In 2005, she was inducted into the Canadian Soccer Hall of Fame.
Later in the year, it was announced that she would be moving to
FIFA headquarters in Zurich, Switzerland to head its new women’s
referee development program. In this position, she will continue
to influence and inspire women for many years to come.
Ann Dow, Montreal, QC
A member of the National Women's Water Polo team since 1991, Ann
Dow is one of the most experienced and respected players in the
country. She is a two-time Olympian, who helped her team place 5th
in the 2000 Olympic Games in Sydney and 7th in the 2004 Olympic
Games in Athens. She also competed in five World Aquatic Championships,
five World FINA Cups, two Pan-American Games, and 25 National Championships.
In 2005, which marked the end of her outstanding career as an athlete,
she was co-captain of the Canadian team that won bronze in front
of a home crowd at the XI FINA World Championships in Montréal.
She was named Most Valuable Player for the tournament and was selected
to the all-star team. In December, she was named provincial International
Female Athlete of the Year at the 33rd annual Sports-Québec
Peggy Gallant, Antigonish, NS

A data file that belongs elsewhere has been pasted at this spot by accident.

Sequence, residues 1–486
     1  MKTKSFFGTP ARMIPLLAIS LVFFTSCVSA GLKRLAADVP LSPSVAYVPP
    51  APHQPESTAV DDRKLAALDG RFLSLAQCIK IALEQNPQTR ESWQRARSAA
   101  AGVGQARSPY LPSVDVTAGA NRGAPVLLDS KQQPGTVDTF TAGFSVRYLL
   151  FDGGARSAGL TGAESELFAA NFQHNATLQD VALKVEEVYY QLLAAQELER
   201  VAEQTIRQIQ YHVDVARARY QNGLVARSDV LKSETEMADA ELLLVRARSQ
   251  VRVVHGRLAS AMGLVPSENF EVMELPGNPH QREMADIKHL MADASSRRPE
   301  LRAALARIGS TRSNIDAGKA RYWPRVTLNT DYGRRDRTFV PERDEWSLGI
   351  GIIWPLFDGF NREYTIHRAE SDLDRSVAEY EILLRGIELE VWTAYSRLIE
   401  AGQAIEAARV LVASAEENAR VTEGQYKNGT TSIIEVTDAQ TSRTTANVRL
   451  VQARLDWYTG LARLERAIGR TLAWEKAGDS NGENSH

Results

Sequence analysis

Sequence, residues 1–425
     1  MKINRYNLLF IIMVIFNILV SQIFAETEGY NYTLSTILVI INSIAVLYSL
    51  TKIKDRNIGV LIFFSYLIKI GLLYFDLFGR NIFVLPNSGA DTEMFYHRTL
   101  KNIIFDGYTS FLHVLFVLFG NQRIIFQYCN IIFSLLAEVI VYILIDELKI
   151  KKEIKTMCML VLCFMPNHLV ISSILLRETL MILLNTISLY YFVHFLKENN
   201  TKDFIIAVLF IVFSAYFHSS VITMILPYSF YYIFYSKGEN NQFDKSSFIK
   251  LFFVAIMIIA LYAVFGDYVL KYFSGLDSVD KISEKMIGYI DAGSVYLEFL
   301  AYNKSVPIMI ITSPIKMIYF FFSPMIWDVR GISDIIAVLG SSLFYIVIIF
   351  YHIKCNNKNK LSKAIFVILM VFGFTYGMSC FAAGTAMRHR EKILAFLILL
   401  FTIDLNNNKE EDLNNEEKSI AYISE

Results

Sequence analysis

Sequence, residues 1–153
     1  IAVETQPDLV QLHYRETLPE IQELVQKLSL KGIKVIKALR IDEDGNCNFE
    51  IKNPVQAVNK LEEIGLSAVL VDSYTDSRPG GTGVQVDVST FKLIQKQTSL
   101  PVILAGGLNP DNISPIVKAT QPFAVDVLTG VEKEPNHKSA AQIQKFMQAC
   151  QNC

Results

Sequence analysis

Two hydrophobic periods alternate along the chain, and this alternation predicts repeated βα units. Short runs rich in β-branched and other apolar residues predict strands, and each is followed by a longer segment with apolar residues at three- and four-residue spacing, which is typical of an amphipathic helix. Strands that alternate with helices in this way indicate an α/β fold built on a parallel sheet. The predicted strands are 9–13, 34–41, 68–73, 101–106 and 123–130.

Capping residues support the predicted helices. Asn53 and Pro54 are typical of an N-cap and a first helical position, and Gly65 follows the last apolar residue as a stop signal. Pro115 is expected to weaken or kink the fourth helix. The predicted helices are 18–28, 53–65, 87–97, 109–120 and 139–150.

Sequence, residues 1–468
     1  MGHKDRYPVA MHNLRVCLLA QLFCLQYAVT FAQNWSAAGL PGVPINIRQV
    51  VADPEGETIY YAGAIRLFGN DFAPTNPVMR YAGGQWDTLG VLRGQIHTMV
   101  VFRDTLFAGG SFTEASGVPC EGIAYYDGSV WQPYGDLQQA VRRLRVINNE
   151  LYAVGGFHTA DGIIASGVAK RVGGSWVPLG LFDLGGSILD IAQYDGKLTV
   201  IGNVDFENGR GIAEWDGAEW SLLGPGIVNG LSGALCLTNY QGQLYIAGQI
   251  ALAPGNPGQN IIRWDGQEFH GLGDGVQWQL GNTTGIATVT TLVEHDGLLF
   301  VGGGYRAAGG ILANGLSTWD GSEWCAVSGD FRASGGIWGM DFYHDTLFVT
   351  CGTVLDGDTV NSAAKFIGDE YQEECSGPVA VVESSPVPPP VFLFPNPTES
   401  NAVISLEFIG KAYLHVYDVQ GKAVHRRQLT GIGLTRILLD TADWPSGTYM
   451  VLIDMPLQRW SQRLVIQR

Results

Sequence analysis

Peggy Gallant is a professor in the Saint Francis Xavier University
Department of Human Kinetics. She regularly presents on gender in
sport to promote the participation of women and girls in sport locally,
provincially and nationally. She is an NCCP Master Course Conductor
and an active volunteer soccer coach at the community level.
In 2005, she led the Coaching Association of Canada (CAC) through
the final stage of a transition that saw the emergence of a new
organization amalgamating CAC and the National Coaching Certification
Council (NCCC). She served as chair of the CAC during the challenge
of creating an organization that will see a leading-edge national
coach and sport education program - the National Coaching Certification
Program - tailored to meet the needs of sport participants from
the playground to the podium.
Shirley Green, Brockville, ON
As a result of a donation from the Green family, Canada's top alpine
ski racers, freestyle skiers and snowboard athletes will soon have
access to a world-class off-season training base. A unique partnership
between Canadian philanthropists Don and Shirley Green, CODA and
the 2010 Vancouver Olympic and Paralympic Games Organizing Committee
will create a training centre, located on Farnham Glacier in south-eastern
British Columbia. It will be named "Camp Green on Farnham Glacier
- High Performance Training Facility," in recognition of the
$1 million financial contribution provided by the Green family.
Shirley Green, along with her husband Don, have donated money for
hospitals, libraries and other initiatives, but this was their first
donation earmarked for sports. This significant donation will assist